A 67–year-old white woman with primary Raynaud’s phenomenon presented following a week of progressively worsening shortness of breath, dry cough and generalized malaise. An avid tennis player, she first noticed dyspnea while playing, but a few days later grew short of breath even at rest. She went to an urgent care center, where a computed tomography (CT) scan of her chest reportedly showed an atypical pneumonia. She tested negative for SARS-CoV-2 and was discharged on oral doxycycline therapy for suspected bacterial pneumonia.
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Explore This IssueSeptember 2020
However, her shortness of breath continued to progress to the point that she was unable to speak in complete sentences. This prompted a visit to the emergency department, where she was found to be in respiratory distress. She was tachypneic with a respiratory rate of 38 per minute and hypoxemic with oxygen saturation of 70% on room air, requiring 4L per minute of supplemental oxygen to improve her saturation to 92%.
A laboratory evaluation was significant for neutrophil-predominant leukocytosis 18.1×103/uL (reference range [RR]: 4.5–11.0×103/uL), normocytic anemia with hemoglobin 8.9 g/dL (RR: 11.5–15.5 g/dL) and platelet count 492×103/uL (RR:130–400×103/uL). No evidence was found of hemolytic anemia, iron, B12 or folate deficiency. Her ferritin level was 576 ng/mL (RR: 15–150 ng/mL), her C-reactive protein (CRP) was 341.3 mg/L (RR: <6 mg/L), and her erythrocyte sedimentation rate (ESR) was 113 mm/hour (RR: <20 mm/hour). Her prothrombin time and international normalized ratio and partial thromboplastin time were normal. Her D-dimer was 6,069 ng/mL (RR: ≤499 ng/mL) and fibrinogen was 576 mg/dL (RR: 170–400 mg/dL). Her creatinine kinase was 44 U/L (RR: 30–300 units/L) and aldolase was 9.9 U/L (RR: 0.1–8.0 units/L). Her lactic acid was 3.8 mmol/L (RR: 0.7–2.0 mmol/L). Troponin I was undetectable, and an electrocardiogram was normal. Her urinalysis was normal.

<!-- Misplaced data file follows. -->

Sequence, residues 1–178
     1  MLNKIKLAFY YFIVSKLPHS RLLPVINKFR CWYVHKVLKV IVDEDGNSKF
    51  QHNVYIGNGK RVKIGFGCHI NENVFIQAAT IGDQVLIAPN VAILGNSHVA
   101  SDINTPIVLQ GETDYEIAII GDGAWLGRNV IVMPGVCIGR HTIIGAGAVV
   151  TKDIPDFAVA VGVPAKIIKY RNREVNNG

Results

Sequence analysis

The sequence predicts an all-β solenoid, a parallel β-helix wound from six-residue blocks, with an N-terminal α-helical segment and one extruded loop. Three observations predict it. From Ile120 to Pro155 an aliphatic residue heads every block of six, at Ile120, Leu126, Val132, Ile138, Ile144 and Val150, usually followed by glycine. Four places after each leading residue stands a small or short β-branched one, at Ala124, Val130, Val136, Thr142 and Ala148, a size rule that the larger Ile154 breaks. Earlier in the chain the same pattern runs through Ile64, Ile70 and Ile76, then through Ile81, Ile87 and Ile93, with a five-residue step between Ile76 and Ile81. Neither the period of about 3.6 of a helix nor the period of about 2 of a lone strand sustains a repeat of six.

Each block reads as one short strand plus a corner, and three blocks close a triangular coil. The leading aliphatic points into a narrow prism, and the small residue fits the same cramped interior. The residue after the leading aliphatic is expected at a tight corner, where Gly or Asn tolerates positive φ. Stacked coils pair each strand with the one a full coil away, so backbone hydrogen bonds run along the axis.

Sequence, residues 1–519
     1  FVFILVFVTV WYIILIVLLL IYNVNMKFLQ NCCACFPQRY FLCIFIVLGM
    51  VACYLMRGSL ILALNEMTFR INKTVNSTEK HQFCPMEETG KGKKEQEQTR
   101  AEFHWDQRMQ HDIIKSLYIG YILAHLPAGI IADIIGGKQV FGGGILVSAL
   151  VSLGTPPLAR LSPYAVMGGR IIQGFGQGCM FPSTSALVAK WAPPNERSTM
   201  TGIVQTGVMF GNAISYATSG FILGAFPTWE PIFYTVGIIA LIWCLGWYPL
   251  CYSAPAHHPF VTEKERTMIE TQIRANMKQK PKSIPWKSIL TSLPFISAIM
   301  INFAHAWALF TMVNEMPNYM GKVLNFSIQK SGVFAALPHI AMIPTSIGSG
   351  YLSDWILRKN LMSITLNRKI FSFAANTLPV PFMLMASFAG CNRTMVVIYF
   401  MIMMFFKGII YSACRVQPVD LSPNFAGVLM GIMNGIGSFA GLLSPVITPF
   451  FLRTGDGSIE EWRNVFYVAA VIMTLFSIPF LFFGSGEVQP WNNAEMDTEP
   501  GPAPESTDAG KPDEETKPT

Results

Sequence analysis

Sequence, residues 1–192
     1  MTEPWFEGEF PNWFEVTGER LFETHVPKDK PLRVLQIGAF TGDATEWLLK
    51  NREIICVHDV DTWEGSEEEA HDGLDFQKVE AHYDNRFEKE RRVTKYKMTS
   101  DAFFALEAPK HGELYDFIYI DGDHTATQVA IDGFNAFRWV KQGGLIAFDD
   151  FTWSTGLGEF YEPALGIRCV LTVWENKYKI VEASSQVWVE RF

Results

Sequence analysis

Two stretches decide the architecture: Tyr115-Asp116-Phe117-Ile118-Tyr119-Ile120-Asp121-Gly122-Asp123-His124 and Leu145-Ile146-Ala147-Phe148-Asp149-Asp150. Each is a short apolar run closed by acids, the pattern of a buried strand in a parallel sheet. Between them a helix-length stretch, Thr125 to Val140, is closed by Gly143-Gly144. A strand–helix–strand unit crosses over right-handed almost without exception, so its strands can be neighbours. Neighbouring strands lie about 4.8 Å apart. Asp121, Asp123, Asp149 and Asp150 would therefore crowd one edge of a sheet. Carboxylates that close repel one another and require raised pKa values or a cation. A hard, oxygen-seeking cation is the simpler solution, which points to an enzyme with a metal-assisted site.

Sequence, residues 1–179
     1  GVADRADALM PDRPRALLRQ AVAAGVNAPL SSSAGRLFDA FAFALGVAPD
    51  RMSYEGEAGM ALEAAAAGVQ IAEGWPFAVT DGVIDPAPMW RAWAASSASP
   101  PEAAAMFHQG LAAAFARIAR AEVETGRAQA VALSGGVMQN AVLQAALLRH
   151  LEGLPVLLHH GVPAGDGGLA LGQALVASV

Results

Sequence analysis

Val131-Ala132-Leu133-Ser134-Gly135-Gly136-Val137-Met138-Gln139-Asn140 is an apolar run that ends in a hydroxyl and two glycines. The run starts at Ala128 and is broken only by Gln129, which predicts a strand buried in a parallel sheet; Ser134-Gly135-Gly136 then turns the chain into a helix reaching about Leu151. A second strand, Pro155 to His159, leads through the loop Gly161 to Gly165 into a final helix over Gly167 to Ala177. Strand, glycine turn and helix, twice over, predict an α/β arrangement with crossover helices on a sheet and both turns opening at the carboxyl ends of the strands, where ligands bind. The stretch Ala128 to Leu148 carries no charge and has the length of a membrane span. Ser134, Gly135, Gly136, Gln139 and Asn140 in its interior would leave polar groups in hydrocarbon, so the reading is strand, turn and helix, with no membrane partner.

The nasopharyngeal viral respiratory polymerase chain reaction test, Legionella urine antigen test and sputum and blood cultures were negative.
A chest CT now showed diffuse, patchy bilateral groundglass opacities and interlobular septal thickening, with small areas of dense bilateral pulmonary consolidations, trace bilateral pleural effusions, a mildly dilated esophagus and mediastinal lymphadenopathy (see Figure 1A, opposite).
Due to increasing oxygen requirements and concern for further decompensation, she was transferred to the medical intensive care unit. Here, she was started on empiric treatment for community-acquired pneumonia with ceftriaxone and azithromycin. A repeat SARS-CoV-2 test was negative. A transthoracic echocardiogram (TTE) was normal.
Three days later, she had failed to improve on antibiotic therapy and had worsening hypoxemia, requiring a non-rebreather mask. Suspicion for COVID-19 remained high, but she tested negative for a third time.
Given her history of Raynaud’s phenomenon and unremarkable infectious work-up, an autoimmune etiology was considered. She was subsequently started on 1 mg/kg of intravenous methylprednisolonone on hospital day 4, after which a consult with a rheumatologist was obtained.
She denied any history of rash, mucosal ulcers, photosensitivity, alopecia, gastroesophageal reflux disease, dysphagia, muscle pain or weakness, recurrent ear infections, sinusitis, recurrent pneumonia, epistaxis, joint pain, swelling, morning stiffness or renal disease. Prior to symptom onset, she had been completely asymptomatic. With the exception of playing tennis three or four times a week, she had limited her outside activities due to the pandemic and denied any known sick contacts.